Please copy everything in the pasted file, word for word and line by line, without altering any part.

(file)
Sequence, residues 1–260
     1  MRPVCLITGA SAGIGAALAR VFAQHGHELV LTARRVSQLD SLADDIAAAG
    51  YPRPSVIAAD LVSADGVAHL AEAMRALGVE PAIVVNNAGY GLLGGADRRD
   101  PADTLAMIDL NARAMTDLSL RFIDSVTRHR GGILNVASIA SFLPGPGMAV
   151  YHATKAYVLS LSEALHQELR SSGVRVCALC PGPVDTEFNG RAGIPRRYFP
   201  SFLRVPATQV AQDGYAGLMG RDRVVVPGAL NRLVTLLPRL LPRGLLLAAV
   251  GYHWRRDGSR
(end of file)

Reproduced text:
Sequence, residues 1–260
     1  MRPVCLITGA SAGIGAALAR VFAQHGHELV LTARRVSQLD SLADDIAAAG
    51  YPRPSVIAAD LVSADGVAHL AEAMRALGVE PAIVVNNAGY GLLGGADRRD
   101  PADTLAMIDL NARAMTDLSL RFIDSVTRHR GGILNVASIA SFLPGPGMAV
   151  YHATKAYVLS LSEALHQELR SSGVRVCALC PGPVDTEFNG RAGIPRRYFP
   201  SFLRVPATQV AQDGYAGLMG RDRVVVPGAL NRLVTLLPRL LPRGLLLAAV
   251  GYHWRRDGSR